Local Govt | National News Video | Parliament Headlines | Politics Headlines | Search

 


Giraffes Kiri (And Very Likely Kay) In The Family

Giraffes Kiri (And Very Likely Kay) In The Family Way

An ultra-sound has just confirmed Auckland Zoo’s eldest female giraffe Kiri, is pregnant.

But the 17-year-old may not be alone. It is thought Kay, who is two years her junior, and has put on 90kg in the past six months, might also have a young calf on the way.

Dad, on both counts, is four-year-old Zabulu, the Zoo’s only male giraffe. With the girls progressing in years and Zabulu only recently matured, natural conception was considered a long shot.

Giraffes have a 15-month gestation period. It is estimated Kiri will give birth in early 2003. Kay, who’s likely pregnancy will be confirmed through a faecal test, could be due earlier. The expected birth weight for these new-born is 60-100kg, and their height about 2 metres. They need to be this tall to be able to reach up and suckle from their mothers. (Kiri and Kay both stand over 4 metres)

Zoo staff are delighted, but also a little surprised.

Senior zookeeper Sam Stephens has for the past four years worked with keeper Robert McIntyre on a ‘conditioning’ programme developed as a way of preparing the female giraffes for possible artificial insemination (AI).

“We’ve been investigating AI for some years now. AI is a very good way to assist the genetic diversity of giraffes in captivity. Obviously from a practical point of view collecting and transporting sperm is also far easier and safer than transporting giraffes, which are notoriously difficult animals to move about,” says Sam Stephens.

“Because of their size and temperament, only young giraffes can be transported.”

A key part of the daily conditioning programme has involved placing the females in the giraffe crush. This has enabled the animals to get used to a confined space, and in Kiri’s case, to work up to also having a full internal physical examination. Mock camera and ultra-sound equipment (a silver-painted cardboard box) have also been placed in the crush, and different people have been regularly introduced to prepare the giraffes for how it would be for an actual AI procedure.

“Because giraffes are so easily stressed, the key is to have everything as close to the real situation as possible.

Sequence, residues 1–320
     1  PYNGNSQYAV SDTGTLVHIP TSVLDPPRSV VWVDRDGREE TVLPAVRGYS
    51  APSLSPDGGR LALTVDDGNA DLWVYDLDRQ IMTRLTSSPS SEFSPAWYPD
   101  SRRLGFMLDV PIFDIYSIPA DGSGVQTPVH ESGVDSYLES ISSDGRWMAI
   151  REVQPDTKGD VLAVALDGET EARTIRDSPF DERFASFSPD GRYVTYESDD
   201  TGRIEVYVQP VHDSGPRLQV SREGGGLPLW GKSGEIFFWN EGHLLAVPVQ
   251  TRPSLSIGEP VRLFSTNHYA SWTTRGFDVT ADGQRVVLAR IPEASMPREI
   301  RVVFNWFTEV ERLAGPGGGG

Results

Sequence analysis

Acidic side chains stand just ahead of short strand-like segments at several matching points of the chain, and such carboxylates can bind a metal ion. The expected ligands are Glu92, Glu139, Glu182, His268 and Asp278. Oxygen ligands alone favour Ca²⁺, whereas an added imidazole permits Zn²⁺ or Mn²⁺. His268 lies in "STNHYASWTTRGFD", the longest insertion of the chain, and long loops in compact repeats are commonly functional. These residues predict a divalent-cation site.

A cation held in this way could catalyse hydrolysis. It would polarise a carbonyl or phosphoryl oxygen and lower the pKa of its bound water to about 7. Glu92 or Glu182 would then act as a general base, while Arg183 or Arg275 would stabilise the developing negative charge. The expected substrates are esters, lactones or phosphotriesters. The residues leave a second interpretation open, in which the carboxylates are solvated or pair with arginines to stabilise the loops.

“Kay is a difficult customer, and is not yet able to be examined internally. But we have achieved this with Kiri. And it’s because we have got her to this relaxed stage that we were able to do the ultra-sound yesterday, and confirm her pregnancy,” says Sam.

One more ultra-sound on Kiri will be carried out in a month’s time to monitor her progress. Kiri and Kay, who have both had successful pregnancies in the past, will also continue to be weighed fortnightly.

A high-energy diet has also been important in preparing the giraffes for pregnancy.
They are given a combination of plenty of quality browse (tree branches), a high-energy concentrate pellet feed and lucerne hay. “Puka browse is a particular favourite,” says Sam.

The young will be born with the female standing, her back legs bent to lessen the drop to the ground. In the process the umbilical cord snaps during the fall. Within an hour of birth the youngster stands and searches for its first feed.


ENDS

© Scoop Media

 
 
 
 
 
Parliament Headlines | Politics Headlines | Regional Headlines

 

Sector Opposes Bill: Local Government Bill Timeframe Extended

The Minister of Local Government Peseta Sam Lotu-Iiga has asked the Select Committee to extend the report back date for the Local Government Act 2002 Amendment Bill (No 2). More>>

ALSO:

Breed Laws Don’t Work: Vets On New National Dog Control Plan

It is pleasing therefore to see Louise Upston Associate Minister for Local Government calling for a comprehensive solution... However, relying on breed specific laws to manage dog aggression will not work. More>>

ALSO:

Not Waiting On Select Committee: Green Party Releases Medically-Assisted Dying Policy

“Adults with a terminal illness should have the right to choose a medically assisted death,” Green Party health spokesperson Kevin Hague said. “The Green Party does not support extending assisted dying to people who aren't terminally ill because we can’t be confident that this won't further marginalise the lives of people with disabilities." More>>

ALSO:

General Election Review: Changes To Electoral Act Introduced

More effective systems in polling places and earlier counting of advanced votes are on their way through proposed changes to our electoral laws, Justice Minister Amy Adams says. More>>

Gordon Campbell: On Our Posturing At The UN

In New York, Key basically took an old May 2 Washington Post article written by Barack Obama, recycled it back to the Americans, and still scored headlines here at home… We’ve had a double serving of this kind of comfort food. More>>

ALSO:

Treaty Settlements: Bills Delayed As NZ First Pulls Support

Ngāruahine, Te Atiawa and Taranaki are reeling today as they learnt that the third and final readings of each Iwi’s Historical Treaty Settlement Bills scheduled for this Friday, have been put in jeopardy by the actions of NZ First. More>>

ALSO:

Gordon Campbell: On The Damage De-Regulation Is Doing To Fisheries And Education, Plus Kate Tempest

Our faith in the benign workings of the market – and of the light-handed regulation that goes with it – has had a body count. Back in 1992, the free market friendly Health Safety and Employment Act gutted the labour inspectorate and turned forestry, mining and other workplace sites into death traps, long before the Pike River disaster. More>>

Get More From Scoop

 

LATEST HEADLINES

 
 
 
 
 
 
 
 
 
Regional
Search Scoop  
 
 
Powered by Vodafone
NZ independent news